Former patient blames opioid abuse on prescriptions written by felon doctor

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SHERMAN, Tex. (KXII) -- "And he gave me prescriptions. And the oxycodone that he gave me was 30 milligram. Five times a day. And the next month I went in I said, 'can you cut this in half? I don't need that much'"

This former patient of Dr. Diamond says she's suffered with fibromyalgia for more than two decades.

It causes her pain in her back and neck.

She says she went to the doctor's office for help, not pills.

"Well he doesn't ask you any questions. How are you doing on this dosage? How do you feel?"

The patient says she'd taken painkillers in small doses before but never as large as what Diamond prescribed.

She says her initial experience at Diamond's office was pleasant. Until one appointment last June.

"I could hear him on the phone the whole time, talking to his lawyers and you know, trying to get himself dug out of the hole he had dug. And then he comes in and he's just real short with me like he'd never even seen me before. And he basically fired me for using multiple pharmacies. Which I had to do."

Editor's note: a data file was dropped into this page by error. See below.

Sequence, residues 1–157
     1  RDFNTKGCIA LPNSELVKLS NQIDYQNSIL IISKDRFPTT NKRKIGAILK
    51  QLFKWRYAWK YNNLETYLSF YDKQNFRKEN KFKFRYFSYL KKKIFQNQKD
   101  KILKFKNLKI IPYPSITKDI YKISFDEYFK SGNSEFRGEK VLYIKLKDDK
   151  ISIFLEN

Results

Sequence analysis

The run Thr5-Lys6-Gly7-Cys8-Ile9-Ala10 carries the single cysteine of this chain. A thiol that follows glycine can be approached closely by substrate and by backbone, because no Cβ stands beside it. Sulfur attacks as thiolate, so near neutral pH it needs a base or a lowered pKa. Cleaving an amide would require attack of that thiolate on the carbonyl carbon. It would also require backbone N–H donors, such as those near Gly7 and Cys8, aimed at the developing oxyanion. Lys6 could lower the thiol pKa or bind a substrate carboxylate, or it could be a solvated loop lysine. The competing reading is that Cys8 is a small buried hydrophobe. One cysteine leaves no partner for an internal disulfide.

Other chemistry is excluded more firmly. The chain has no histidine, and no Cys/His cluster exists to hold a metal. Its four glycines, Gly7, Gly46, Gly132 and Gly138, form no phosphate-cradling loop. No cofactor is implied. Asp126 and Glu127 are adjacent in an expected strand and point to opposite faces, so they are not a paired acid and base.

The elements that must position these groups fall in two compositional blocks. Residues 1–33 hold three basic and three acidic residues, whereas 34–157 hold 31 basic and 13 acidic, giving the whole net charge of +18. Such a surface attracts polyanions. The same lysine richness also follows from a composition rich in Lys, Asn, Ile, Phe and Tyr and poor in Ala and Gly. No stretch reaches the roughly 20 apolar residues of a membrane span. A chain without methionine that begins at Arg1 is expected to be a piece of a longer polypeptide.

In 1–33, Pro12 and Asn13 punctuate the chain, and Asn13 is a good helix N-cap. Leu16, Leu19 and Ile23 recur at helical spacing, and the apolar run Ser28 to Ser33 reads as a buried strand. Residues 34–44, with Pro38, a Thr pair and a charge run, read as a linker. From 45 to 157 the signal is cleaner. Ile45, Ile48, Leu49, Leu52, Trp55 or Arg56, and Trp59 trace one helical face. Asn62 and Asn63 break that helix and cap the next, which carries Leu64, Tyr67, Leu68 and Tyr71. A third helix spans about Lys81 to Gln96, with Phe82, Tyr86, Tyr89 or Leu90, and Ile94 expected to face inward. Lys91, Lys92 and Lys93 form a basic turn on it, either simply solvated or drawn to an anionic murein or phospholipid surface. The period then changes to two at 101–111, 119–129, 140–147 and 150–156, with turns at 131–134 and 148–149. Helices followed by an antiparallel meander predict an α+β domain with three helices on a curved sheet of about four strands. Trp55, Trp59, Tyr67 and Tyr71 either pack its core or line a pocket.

She says she had to go to different pharmacies because no single pharmacy would fill the amount of pain medicine the doctor had prescribed.

And then things got worse.

"And at the beginning of August, or the end of July, I quit doing them and I was hospitalized for a week. It was withdrawals, yea. I threw up for two full days."

Withdrawals as she tried to get off the addictive opioids Dr. Diamond had prescribed.

The patient says her blood pressure and her vitals were unstable for weeks.

I have four prescriptions in there that I didn't fill from him. One's pain, one's a muscle relaxer that they just won't even prescribe anymore, Valium and morphine.

Now if I took one of each of those and went to sleep, I'd sleep pretty good.

She says the doctor, now accused of playing a role in the death of seven people, could have taken her life too if she hadn't made the choice to stop.

Diamond was arrested last July charged with conspiracy to possess with intent to distribute controlled substances, health care fraud and aiding and abetting.

He pleaded guilty to those charges on Friday, in exchange for 20 years in prison.

His formal sentencing has not been scheduled yet.